How to measure tennis racquet?

By The Purple Court | Tennis Racquet Advice

How to measure tennis racquet?
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There is a number of ways that a tennis racquet is measured – based on its head size, the thickness of the strings, size of the grip, weight, swing weight, and others. These measurements are important to help you choose the appropriate racquet. So, the question is: how to measure tennis racquet?

Tennis is a racquet sport played individually against an opponent on the other side of the court or between teams of two players. Each player uses a racquet to strike the ball over the net and into the opponent’s court.

It is the major instrument that defines the performance of the player. You might not notice it at first, but using a good quality racquet appropriate for your hands and performance will help you win the game.

There are several factors that a tennis racquet is made of. These include the head size, weight/balance point, string pattern, string material grip size, and more. They contribute to your performance and comfort on the tennis court.

How to measure tennis racquet? Swing weight

Swing weight refers to the weight of the racquet when you swing it. It is often seen as more important compared to the weight of the strings or face.

The measurement is labeled from 0-1000 and the higher number indicates that a racquet is harder to swing. Most racquets today has swing weight that ranges from 280 – 350.

There are different advantages of swing weight. Heavier or higher numbered swing weights, usually 330 and above, provide more power and stability.

Lighter or lower numbers, 310 or below, allows you to swing faster and have more spin. Medium swing weight, between 311 and 329, provides you balanced power and speed.

How to measure the swing weight? The number is determined by the balance point, racquet weight, head size, and length.

How to measure head size?

The head size of the racquet refers to the size of the racquet face that makes up the frame and strings. It determines the power that you can create when you strike the ball. So, it is worth noting that a bigger head size provides a bigger hitting area and sweet spot, hence it is easier to strike the ball.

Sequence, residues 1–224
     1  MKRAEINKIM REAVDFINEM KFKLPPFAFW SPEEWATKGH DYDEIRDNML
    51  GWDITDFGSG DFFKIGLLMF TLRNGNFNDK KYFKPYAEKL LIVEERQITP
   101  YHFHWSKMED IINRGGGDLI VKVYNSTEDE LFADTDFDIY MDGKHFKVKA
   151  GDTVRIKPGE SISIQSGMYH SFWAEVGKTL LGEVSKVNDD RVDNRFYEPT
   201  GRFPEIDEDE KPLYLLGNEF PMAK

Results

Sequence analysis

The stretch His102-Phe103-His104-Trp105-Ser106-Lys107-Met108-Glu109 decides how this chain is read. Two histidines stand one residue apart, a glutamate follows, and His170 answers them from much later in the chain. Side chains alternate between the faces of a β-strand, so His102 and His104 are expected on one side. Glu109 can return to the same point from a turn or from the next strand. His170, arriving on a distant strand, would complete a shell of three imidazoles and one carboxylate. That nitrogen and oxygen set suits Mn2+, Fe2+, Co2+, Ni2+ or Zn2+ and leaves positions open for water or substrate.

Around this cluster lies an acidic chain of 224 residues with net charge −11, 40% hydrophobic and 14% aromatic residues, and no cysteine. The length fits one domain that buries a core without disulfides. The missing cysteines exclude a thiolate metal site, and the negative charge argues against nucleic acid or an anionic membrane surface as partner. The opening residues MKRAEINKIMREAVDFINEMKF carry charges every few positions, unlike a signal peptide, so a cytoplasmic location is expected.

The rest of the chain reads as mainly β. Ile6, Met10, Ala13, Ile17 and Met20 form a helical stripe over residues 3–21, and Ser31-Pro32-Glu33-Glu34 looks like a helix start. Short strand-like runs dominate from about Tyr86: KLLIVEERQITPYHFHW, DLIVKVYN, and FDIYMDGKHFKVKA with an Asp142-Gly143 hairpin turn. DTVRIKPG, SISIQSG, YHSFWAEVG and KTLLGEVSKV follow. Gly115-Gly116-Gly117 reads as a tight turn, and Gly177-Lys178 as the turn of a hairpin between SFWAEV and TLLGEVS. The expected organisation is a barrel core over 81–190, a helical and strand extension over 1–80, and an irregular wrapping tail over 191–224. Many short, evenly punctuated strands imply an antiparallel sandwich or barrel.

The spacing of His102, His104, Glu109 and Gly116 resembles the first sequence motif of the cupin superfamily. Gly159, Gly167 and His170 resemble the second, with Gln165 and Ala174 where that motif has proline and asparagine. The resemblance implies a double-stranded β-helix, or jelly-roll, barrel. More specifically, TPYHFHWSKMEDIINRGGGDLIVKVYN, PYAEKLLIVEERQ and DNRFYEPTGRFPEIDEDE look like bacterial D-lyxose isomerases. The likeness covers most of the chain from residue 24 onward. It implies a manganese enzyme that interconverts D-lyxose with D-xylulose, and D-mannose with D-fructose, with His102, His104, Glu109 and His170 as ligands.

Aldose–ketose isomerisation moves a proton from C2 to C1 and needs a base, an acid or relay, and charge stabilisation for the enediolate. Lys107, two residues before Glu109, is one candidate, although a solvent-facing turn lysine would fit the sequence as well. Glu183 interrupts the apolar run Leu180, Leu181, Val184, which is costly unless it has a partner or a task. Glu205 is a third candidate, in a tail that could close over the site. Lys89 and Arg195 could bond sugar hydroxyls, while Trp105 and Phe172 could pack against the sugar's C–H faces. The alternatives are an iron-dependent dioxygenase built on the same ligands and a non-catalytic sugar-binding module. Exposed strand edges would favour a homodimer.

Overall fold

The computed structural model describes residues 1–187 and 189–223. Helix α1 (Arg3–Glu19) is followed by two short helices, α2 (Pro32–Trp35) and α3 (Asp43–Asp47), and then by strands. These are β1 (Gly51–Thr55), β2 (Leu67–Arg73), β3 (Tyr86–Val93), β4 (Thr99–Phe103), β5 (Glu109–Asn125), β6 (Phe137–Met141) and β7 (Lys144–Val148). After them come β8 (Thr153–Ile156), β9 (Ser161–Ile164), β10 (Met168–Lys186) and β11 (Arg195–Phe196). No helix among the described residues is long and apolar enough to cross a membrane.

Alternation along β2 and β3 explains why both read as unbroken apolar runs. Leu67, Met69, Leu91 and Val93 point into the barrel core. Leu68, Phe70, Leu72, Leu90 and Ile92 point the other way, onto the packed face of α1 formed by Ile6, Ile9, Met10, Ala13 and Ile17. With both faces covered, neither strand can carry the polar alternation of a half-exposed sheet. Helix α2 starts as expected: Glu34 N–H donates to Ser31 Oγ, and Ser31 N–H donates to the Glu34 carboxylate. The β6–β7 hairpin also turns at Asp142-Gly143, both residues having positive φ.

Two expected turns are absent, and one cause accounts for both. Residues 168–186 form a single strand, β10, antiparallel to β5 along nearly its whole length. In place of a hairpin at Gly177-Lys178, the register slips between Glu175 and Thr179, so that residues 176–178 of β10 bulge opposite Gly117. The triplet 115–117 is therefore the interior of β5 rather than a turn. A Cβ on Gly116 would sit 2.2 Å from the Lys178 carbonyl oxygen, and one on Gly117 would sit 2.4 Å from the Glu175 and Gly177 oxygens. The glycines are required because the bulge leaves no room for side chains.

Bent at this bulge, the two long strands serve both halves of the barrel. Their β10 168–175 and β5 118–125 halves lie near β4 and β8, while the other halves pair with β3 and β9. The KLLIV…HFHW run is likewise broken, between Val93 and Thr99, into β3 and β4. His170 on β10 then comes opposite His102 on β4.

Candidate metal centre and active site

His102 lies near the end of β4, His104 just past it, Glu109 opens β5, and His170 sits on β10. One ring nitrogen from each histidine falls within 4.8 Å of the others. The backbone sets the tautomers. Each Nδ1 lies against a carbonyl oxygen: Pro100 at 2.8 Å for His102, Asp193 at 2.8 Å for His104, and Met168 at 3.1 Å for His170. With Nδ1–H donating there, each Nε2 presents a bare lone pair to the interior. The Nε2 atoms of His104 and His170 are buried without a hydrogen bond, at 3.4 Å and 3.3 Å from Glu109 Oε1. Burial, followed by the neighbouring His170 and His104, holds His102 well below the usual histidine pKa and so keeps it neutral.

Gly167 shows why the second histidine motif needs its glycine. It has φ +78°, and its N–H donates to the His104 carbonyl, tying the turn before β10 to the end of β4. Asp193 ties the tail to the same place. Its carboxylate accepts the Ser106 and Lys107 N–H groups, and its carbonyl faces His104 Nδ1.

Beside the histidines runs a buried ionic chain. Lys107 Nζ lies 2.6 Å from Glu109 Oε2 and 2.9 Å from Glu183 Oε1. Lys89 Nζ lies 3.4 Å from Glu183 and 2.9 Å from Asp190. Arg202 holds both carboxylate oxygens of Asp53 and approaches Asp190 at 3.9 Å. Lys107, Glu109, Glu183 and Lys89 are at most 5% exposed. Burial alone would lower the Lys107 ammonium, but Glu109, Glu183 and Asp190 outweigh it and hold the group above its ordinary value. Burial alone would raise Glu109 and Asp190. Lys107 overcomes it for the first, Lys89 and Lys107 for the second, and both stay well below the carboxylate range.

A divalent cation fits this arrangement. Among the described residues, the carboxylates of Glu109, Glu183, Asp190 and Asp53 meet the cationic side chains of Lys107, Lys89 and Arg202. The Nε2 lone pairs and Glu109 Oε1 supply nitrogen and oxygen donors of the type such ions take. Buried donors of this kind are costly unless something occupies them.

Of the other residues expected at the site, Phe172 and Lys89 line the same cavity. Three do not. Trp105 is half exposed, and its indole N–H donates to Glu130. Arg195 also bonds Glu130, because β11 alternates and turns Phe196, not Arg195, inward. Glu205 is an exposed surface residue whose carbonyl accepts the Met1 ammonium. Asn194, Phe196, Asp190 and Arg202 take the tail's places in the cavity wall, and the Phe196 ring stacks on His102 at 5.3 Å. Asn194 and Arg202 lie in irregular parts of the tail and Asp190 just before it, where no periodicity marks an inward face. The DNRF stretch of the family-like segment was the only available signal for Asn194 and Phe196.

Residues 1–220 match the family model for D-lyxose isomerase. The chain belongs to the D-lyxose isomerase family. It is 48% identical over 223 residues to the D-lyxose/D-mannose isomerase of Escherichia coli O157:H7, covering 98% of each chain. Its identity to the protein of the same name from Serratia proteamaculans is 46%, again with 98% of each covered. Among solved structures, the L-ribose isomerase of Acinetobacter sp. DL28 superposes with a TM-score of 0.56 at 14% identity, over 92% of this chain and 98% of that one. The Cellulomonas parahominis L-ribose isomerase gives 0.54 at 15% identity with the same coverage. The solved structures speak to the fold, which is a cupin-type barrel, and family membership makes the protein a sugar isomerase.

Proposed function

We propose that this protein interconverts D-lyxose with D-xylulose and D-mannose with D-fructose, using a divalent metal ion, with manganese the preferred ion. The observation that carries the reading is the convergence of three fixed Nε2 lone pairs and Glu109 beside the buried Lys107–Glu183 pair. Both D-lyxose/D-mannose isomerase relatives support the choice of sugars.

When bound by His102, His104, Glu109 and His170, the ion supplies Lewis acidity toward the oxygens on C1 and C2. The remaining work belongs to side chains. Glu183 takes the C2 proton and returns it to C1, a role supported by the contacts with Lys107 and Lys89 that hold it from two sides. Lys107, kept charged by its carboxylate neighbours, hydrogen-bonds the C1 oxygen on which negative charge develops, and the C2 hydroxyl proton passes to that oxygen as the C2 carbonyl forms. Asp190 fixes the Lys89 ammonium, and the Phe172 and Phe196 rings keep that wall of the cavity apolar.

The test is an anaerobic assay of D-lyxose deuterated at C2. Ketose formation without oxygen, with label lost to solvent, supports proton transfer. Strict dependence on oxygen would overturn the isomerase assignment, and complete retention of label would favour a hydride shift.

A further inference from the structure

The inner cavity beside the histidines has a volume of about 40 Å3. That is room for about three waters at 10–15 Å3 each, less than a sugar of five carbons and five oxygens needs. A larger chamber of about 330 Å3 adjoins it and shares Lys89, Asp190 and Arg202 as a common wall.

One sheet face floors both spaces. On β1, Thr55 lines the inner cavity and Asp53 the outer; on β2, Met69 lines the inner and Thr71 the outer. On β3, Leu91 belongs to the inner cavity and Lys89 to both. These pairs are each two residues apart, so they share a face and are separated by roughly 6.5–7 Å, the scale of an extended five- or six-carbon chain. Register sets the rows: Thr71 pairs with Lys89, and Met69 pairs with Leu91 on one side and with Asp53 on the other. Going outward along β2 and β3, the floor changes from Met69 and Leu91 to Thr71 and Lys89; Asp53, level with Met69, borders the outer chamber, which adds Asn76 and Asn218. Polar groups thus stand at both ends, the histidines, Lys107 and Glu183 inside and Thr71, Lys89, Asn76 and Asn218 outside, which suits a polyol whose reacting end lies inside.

The head size ranges from 85-135 square inches and comes in three categories.

  • Midsize. Head sizes under 95 square inches fall under the mid-size category. It provides more control.
  • Mid plus. Head sizes between 95–105 square inches provide a balanced portion of control and power.
  • Head sizes above 105 square inches are oversized, which provide more power.

The measurement of head size is indicated on the racquet label. Look for this label or ask the salesperson to determine the head size of the specific racquet.

How to measure grip size

The grip size is basically determined by the hand size. People have different hand sizes so grip sizes vary too. The grip size defines how much space you can grasp and play with comfortably. Too big or too small grip size can cause problems like poor performance and hand injuries.

In the US, grip sizes are measured from 4 inches to 4.75 inches. In Europe, grip sizes are between 0 – 5. The grip size is usually indicated at either the frame’s throat or the butt.

Grip size is measured by holding the racquet grip and deciding whether it feels comfortable. For more specific grip size measurement, perform a ruler and finger test.

Place the end of the ruler under the lateral crease of your palm. Determine the ruler number on the tip of your ring finger. This number corresponds to your exact grip size.

How to measure the string gauge

String gauge is the string’s thickness, which affects the racquet’s comfort and spin. It usually ranges from 15 – 18, with half sizes labeled with the letter L.

The lower number signifies a thicker string. Thinner strings provide more control, feel, power, and spin, but they are less durable than thicker ones.

You don’t have to measure string gauge by yourself. It is already indicated on the racquet’s label. You can search for the string gauge appropriate for your level and performance by using a thin string. If it breaks, use a thicker one until a specific string gauge works for you.

Now that you know how to measure the different factors in a tennis racquet, you will be able to determine the right tennis racquet that you need. Happy playing!